Yoga

There are many types of yoga being taught in the United States: Hatha yoga, Vinyasa, Bikram (hot yoga), Kripalu, and power yoga, among others. Each incorporates different techniques while using similar poses and groups of exercises called asanas. One of the most commonly incorporated asanas are Sun Salutations.


Yoga stretches and tones all the muscles and joints, exercising every part of your body. Yoga imparts not only remarkable physical benefits, but emotional and spiritual benefits as well. I believe it is especially valuable for people in high-stress jobs.


Research backs up yoga as an anti-aging activity. A study conducted in New Delhi in 2017 explored the impact of yoga and meditation on cellular aging in healthy participants. Ninety-six people were enrolled in the twelve-week study. Markers of aging were recorded at the beginning of the study and again after twelve weeks.


The researchers discovered some amazing benefits as a result of yoga: telomeres lengthened, cortisol was balanced, oxidation was low, mood hormones were elevated, and anti-aging genes (sirtuins) increased. So, yoga for anti-aging? Absolutely! In addition to anti-aging, I recommend yoga for everyone with high blood pressure, heart disease, cancer, arthritis, and especially for those with back problems. Many gyms, community centers, and private studios have yoga classes for all different levels—so it is fairly easy to get started and make yoga a regular part of your fitness program.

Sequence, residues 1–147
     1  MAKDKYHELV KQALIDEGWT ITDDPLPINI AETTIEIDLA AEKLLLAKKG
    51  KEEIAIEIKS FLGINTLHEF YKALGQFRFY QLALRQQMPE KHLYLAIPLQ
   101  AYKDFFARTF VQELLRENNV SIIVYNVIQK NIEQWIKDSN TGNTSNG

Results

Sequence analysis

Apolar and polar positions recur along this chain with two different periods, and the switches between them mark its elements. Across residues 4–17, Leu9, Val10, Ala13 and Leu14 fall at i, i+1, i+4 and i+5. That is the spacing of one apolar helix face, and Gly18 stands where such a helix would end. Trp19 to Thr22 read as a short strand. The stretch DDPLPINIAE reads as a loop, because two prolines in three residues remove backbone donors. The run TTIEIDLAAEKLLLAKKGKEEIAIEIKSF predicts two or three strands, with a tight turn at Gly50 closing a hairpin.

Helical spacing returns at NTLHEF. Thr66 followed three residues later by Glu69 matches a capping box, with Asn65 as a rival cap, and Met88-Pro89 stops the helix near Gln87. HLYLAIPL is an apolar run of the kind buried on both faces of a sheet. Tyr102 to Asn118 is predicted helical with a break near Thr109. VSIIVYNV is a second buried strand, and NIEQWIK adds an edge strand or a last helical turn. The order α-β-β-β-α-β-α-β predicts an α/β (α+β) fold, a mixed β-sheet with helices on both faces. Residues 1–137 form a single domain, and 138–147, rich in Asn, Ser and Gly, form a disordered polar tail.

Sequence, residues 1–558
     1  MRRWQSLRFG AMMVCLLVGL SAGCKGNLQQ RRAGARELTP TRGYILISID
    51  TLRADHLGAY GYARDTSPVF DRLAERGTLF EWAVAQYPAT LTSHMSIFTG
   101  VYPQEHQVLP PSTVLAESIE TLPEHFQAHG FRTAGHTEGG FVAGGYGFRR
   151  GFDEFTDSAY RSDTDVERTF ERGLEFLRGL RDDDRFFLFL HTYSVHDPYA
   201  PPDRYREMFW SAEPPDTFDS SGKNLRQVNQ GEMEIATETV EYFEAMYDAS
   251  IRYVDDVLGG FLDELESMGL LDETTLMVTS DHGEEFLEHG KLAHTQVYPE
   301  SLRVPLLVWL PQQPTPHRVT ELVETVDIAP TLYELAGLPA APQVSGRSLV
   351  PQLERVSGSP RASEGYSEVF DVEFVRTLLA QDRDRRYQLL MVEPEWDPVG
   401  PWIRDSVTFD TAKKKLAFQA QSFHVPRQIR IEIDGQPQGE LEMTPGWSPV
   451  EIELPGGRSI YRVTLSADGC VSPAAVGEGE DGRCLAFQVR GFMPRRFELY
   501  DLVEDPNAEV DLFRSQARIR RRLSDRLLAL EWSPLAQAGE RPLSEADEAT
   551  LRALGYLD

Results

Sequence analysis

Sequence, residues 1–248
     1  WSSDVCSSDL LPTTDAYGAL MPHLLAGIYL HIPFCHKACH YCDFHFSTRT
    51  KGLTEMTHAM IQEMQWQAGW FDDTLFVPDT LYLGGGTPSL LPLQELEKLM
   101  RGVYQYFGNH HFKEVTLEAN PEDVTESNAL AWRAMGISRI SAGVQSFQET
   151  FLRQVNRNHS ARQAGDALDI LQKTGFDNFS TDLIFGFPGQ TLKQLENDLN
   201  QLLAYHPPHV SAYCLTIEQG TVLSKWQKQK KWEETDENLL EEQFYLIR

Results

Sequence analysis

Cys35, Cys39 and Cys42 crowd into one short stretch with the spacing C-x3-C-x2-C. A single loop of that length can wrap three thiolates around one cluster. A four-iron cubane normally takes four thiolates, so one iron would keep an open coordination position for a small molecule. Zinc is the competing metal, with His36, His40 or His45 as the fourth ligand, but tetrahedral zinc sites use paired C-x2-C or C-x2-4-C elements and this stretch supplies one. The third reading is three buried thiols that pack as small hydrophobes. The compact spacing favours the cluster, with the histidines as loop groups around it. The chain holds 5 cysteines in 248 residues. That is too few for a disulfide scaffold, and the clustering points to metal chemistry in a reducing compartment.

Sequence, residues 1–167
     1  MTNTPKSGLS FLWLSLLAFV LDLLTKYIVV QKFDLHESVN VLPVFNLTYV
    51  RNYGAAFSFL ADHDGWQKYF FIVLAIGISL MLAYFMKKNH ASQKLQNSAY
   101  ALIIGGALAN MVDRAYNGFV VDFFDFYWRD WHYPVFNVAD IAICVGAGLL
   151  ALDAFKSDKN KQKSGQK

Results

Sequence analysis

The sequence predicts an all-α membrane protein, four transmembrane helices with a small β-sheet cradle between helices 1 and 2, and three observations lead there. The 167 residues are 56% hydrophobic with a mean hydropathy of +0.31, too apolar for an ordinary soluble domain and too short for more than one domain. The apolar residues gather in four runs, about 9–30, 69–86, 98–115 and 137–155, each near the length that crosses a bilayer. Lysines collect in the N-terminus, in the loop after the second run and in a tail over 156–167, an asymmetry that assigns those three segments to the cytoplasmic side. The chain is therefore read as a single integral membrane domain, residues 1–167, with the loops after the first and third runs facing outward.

Tai Chi

This ancient Chinese practice has a number of different forms and incorporates movement and flexibility. There are various types of tai chi, including Wu style, Chan style, and Yan style, all of which incorporate different movements.


In general, tai chi is a slow-moving process, based on defense mechanisms found in martial arts. Tai chi focuses on breathing and flowing gestures, which is why it is often called “meditation in motion.” It exercises mind and spirit as well as body. And once you learn the basics, you can practice for as few as five minutes to as much as an hour a day. Just don’t push yourself—the meditative effects of tai chi are important, too.